Guillen to Jenks: 'Stay away from Oney'

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Guillen to Jenks: 'Stay away from Oney'

Saturday, Feb. 26, 2011
Posted 2:31 p.m.

By Brett Ballantini
CSNChicago.com

GLENDALE, Ariz. Asked about recent comments by Bobby Jenks, who claimed he was affected by feud between Chicago White Sox manager Ozzie Guillen and GM Ken Williams, Guillen today attempted to take the high road and refused to play dirty in any ongoing war with his former closer.

In his most comprehensive and calmest comment, Guillen sarcastically mentioned, Too bad all the stuff about me and Kenny interrupts his career.

On Friday at Boston Red Sox camp in Ft. Myers, Fla., Jenks had told the Chicago Tribune that he was affected by the front-office controversy in recent years on the White Sox.

A lot of the stuff with Ozzie Guillen and the front office gets old, Jenks said. It has been a problem for a long time. It was a problem before last year Its going to be nice for me to see how things are done with the Red Sox.

However, Guillen didnt hesitate to warn Jenks not to get messed up in a war of words with his son, Oney, who tweeted some clubhouse information about Jenks back in December.

Please, someone who knows Jenks, please tell him not to talk about Oney, Guillen said. Its going to be ugly. I talked to my wife about it, to make sure to tell Oney to let it go. It can end bad. Me? Thats OK. Kenny is OK with itI talked to Kenny. But Oney? Stay away from Oney. Hes not a good kid. When you go to that point with him, Oney knows a lot about a lot of things. Make sure Jenks stays away from Oney.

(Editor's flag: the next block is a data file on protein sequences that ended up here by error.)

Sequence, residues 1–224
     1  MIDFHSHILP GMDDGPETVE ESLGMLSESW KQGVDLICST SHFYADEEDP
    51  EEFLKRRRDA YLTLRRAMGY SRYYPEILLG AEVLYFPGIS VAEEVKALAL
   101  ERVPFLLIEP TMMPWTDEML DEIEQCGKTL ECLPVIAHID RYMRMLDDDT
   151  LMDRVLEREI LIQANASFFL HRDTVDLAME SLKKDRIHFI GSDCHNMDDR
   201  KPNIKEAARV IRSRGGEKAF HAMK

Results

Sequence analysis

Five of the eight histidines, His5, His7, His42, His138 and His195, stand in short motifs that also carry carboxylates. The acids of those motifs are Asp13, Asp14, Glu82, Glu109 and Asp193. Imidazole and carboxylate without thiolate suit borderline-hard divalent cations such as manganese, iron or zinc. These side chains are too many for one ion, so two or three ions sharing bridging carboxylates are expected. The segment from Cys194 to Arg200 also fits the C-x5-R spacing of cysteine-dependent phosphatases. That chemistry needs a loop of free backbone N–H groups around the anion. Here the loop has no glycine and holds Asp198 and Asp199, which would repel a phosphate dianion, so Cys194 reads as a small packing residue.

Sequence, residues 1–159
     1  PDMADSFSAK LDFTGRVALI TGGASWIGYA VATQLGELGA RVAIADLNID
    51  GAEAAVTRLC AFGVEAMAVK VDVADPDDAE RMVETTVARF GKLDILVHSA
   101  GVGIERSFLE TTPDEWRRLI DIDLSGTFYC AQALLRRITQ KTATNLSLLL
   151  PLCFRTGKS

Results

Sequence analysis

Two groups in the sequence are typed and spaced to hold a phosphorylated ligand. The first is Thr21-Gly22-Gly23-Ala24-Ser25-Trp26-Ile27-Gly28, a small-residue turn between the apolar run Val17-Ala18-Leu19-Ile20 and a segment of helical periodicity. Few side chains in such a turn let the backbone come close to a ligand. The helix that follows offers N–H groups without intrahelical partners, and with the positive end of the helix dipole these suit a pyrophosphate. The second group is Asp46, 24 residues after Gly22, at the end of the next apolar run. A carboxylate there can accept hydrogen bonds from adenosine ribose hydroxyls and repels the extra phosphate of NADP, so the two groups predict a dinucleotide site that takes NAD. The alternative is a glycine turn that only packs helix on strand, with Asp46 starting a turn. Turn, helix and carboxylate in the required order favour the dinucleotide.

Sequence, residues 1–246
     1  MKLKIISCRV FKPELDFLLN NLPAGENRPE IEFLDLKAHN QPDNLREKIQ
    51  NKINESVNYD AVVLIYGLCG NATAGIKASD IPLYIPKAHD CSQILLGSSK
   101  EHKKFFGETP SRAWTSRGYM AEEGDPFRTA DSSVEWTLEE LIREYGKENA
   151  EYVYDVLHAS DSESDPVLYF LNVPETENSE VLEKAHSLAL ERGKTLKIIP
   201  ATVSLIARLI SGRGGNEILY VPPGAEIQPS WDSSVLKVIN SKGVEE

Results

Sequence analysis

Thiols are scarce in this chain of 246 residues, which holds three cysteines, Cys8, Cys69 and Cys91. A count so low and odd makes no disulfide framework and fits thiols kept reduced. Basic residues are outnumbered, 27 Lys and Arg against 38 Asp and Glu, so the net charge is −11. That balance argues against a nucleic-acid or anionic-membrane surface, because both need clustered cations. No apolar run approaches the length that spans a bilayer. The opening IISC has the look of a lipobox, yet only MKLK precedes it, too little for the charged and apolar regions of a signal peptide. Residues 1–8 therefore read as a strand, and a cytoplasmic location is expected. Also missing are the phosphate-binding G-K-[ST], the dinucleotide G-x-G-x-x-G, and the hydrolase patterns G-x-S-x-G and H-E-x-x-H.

Oney has made a few tweets on Saturday in reference to the simmering controversy, and he appears to be taking his fathers advice:

I will not comment a single word bc to me the issue was over. Hope u know now who the problem was.

I'm not part of the problem I'm part of the solution happy Saturday.

He is lucky I'm mature and put this to rest. Apologies r accepted I told u it wasn't me.

The White Sox manager did get angrier as he spoke on Jenks, saying,Things that happened last year, I can make a book about Jenks. Not one pageI can make a book out of this kid. I feel bad and sad he thinks that way about me. I feel very sad about it. He knows I can easily kill this kid.

Guillen took particular offense at Jenks pointing fingers.

Bobby was tired of the front-office controversies? So was I, and so was Kenny, Guillen said. But I will apologize to him because we interrupted his career. Thats one of the biggest reasons we finished second: He showed up once a week to pitch.

He had a lot of problems, but we were loyal to him by playing him. I was a very bad manager because I kept him as my closer when he couldnt close. He has to look at himself in the mirror.

Guillen repeated the stance he took on Jenks in January, shaking his head over Jenkss reluctance to put his time with the White Sox to rest.

Im very sad, Guillen said. Im not even mad about it. Im very sad about the way he thinks about us. Am I going to say anything bad about him? Im not going to waste my timehes not part of my program. Its very sad because he should look at himself in the mirror, and all the things he said in the paper, to realize what he said. Like I said in January, if there was one player I ever managed, I did more stuff for him than anybody else, on the field and off the field.

He did a lot of bad things last year. We lied for him. We protected him.

Guillen added that when controversy first broke between Oney and Jenks, he asked around the clubhouse for Jenkss number, and had no luck.

We dont miss himask 30 guys out there, he said. By the way, I was asking for his number to talk to him about it, and nobody has his number. You can tell what happened.